1. London Metropolitan Archives (LMA), CLC/B/192/F/001/MS11936/574/1363270, 7 September 1841. 

  2. German Hospital Dalston, 1846, p. 82. 

  3. Perry’s Bankrupt Gazette, 7 April 1855, p.273; East London Observer, 18 June 1859, p.2; Minutes of Proceedings of the Metropolitan Board of Works, 17 October 1862, p. 774. 

  4. The Money Market Review, 13 December 1862, p. 517. 

  5. Royal Commission on Railways, Appendices to evidence taken before the commissioners, Vol. 1, London HMSO, 1865, p. 250; London PO Directory, 1868. 

  6. Plan of part of the Leman Estate, the property of the late Wm. Strode, 1814, LMA, SC/GL/PR/S3/WHI/p7491610. 

  7. Tower Hamlets Local History Library and Archives (THLHLA), P/GLM/1/5/1. 

  8. National Co-operative Archive (NCA), CWS Minutes, 29 June, 31 July, and 1 November 1878. 

  9. Ethel M. Hogg, Quintin Hogg: A Biography, second edn, 1904. 

  10. Central Co-operative Agency, Catalogue of teas, coffees, colonial & Italian produce, and wines, &c., [1852], pp. 101–8. 

  11. ‘Sales by Auction’, The Times, 14 February 1879, p. 16. 

  12. Story of the C.W.S., 1913, pp. 90–1. 

  13. Morning Post, 1 January 1886, p.5. 

  14. Lynn Pearson, Architecture of the Co-operative Movement, draft Chapter 2, p. 4. 

  15. NCA, CWS minutes, 15 September 1882. 

  16. Opening of the New Premises and Cocoa Works, 1887, pp. 9, 26: NCA, CWS Minutes, 2 December 1882, 7 September and 14 December 1883. 

  17. Opening of the New Premises and Cocoa Works, 1887, p. 9: ‘Opening of New Co-operative premises in Whitechapel’, East London Advertiser, 5 November 1887, p. 7. 

  18. NCA, CWS Minutes, 2 December 1882, p.104; CWS,21st Anniversary of the Opening of the London Branch Programme, 1895, pp. 13–14. 

  19. Story of the C.W.S., 1913, p. 88. 

  20. NCA, CWS Minutes, 15 September 1882 and 15 December 1882.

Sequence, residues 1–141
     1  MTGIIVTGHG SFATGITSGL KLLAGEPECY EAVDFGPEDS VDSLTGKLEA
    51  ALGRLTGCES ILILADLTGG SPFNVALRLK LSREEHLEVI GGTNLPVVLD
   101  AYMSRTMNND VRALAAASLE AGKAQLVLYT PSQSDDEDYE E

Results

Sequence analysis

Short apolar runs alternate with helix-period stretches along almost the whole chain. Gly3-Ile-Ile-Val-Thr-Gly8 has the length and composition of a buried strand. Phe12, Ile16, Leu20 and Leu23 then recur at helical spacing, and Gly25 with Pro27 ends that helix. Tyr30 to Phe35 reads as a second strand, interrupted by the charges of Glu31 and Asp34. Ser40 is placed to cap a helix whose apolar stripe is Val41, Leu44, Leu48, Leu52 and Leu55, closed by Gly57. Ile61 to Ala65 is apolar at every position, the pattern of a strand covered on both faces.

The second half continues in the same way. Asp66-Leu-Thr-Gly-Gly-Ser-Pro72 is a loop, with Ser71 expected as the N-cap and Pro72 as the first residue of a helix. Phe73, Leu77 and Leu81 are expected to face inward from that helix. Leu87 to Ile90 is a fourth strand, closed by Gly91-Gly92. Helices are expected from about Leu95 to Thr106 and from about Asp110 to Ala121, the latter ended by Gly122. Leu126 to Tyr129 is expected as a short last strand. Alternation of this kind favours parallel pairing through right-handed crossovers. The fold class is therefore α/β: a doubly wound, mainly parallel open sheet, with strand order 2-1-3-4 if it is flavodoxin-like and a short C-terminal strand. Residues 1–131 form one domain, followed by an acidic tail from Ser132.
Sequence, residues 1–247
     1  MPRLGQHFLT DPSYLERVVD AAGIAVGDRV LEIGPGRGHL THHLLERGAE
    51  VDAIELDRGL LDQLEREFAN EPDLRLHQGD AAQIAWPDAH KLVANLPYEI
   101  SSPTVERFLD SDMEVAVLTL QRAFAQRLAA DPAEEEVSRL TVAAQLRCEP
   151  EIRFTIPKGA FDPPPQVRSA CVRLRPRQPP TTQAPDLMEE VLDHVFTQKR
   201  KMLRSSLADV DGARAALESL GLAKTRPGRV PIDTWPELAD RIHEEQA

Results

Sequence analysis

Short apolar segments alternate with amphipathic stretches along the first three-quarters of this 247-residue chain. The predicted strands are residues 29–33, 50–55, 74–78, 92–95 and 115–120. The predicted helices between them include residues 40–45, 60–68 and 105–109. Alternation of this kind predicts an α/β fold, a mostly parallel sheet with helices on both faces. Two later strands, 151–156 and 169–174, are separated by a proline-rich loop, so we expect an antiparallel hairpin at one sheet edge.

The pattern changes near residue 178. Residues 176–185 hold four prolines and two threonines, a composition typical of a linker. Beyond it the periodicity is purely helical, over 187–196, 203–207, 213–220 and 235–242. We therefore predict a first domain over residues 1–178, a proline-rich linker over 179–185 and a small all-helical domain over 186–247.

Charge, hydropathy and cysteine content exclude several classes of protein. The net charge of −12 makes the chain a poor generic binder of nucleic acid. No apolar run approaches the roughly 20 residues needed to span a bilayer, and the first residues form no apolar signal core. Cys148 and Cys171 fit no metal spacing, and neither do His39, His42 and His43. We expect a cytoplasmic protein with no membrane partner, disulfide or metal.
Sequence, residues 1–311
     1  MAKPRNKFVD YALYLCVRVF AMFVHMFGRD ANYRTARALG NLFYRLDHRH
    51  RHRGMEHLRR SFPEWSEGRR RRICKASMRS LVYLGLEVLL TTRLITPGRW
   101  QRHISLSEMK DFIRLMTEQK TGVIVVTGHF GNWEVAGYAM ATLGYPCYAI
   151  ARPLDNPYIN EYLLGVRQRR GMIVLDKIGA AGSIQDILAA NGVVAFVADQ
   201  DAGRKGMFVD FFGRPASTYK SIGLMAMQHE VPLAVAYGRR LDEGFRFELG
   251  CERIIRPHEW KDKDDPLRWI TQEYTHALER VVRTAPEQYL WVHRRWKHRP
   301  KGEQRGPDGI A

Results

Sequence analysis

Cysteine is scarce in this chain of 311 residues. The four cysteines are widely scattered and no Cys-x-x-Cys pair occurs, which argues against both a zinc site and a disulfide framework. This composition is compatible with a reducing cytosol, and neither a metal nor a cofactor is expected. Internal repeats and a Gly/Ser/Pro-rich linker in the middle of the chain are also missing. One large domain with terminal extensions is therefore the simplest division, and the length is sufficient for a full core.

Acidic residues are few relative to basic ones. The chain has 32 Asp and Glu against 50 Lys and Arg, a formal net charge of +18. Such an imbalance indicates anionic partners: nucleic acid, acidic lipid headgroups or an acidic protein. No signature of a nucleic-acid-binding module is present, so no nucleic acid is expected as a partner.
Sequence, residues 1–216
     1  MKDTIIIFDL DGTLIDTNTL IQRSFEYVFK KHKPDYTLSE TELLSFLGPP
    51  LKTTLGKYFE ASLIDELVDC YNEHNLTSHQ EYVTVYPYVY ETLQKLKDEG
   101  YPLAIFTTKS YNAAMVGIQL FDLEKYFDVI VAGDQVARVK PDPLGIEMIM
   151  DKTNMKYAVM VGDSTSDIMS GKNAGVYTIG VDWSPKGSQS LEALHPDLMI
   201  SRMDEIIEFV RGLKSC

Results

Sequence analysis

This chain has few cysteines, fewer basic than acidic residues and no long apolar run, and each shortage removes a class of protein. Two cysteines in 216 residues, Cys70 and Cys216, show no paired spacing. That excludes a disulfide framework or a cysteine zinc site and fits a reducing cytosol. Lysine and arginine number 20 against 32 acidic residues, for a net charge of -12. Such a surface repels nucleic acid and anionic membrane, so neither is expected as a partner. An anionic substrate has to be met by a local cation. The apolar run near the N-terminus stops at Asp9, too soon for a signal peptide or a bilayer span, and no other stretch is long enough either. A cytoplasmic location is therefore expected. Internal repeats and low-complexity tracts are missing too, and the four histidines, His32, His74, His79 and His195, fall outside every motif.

21. NCA, CWS Minutes, 14 December 1883. 

  22. Opening of the New Premises and Cocoa Works, 1887, p. 9. 

  23. Percy Redfern, The New History of the C.W.S., 1938, p. 50. 

  24. NCA, CWS Minutes, 20 March 1885. 

  25. NCA, CWS Minutes, 15 May 1885. 

  26. Story of the C.W.S., pp. 379–80. 

  27. NCA, CWS Minutes, 15 May 1885. 

  28. Morning Post, 31 December 1885, p. 5 and 1 January 1886, p. 5; NCA, CWS Minutes, 5 March 1886. 

  29. Opening of the New Premises and Cocoa Works, 1887, p.28. 

  30. Morning Post, 31 December 1885, p.5. 

  31. NCA, CWS Minutes, 28 May 1886. 

  32. See NCA, CWS Minutes, 5 March 1886–21 January 1887 and 28 January 1887–18 November 1887. 

Social, political and cultural activity in the Co-operative Wholesale Society's premises in and around Leman Street
Contributed by Rebecca Preston on March 29, 2019

From its early days the Co-operative Wholesale Society organised social and educational activities for its staff and hosted meetings and other events, and later on leased property to co-operative and other organisations with whom it shared interests and values. At the suggestion of Mrs Benjamin Jones, wife of the London Branch manager, the first meeting of the Women’s Co-operative Guild took place at Hooper Square on 15 April 1886, attended by over seventy women and chaired by co-operative worker Catherine Webb.1 Representatives from Toynbee Hall had been present at the opening of the new headquarters building in 1887 and from at least 1885 the settlement had put on lectures for CWS workers at Hooper Square and also held classes for co-operators at Toynbee Hall.2 A library for employees was formed at the London Branch, not long after the fire had destroyed the premises in late 1885, when board meetings were transferred temporarily to Toynbee Hall.3 When Prof Sedley Taylor started a class in economics at Toynbee Hall, CWS staff were said to have formed the nucleus of his students.4 The Wholesale considered itself a beacon in the East End, its architectural presence drawing attention to its work in the promotion of co-operation, and provided office space for kindred organisations. Thus in the late 1880s and 1890s, 99 Leman Street was the address of the Co-operative Aid Association, the Tenant Co-operators Society, and the People’s Co-operative Society. No. 99 Leman Street also hosted public lectures on co-operative and related themes. A course of twenty university extension lectures was offered on the life and duties of the citizen on Saturday afternoons in 1893, held after the working week had finished at 4 o’clock on Saturdays in the Conference Hall. These were free to co-operators and 5s (or 2s 6d for the half course of ten) to the general public.5 In 1901, the Countess of Warwick presided at a conference at London Branch headquarters on London School Board Evening Continuation Classes.6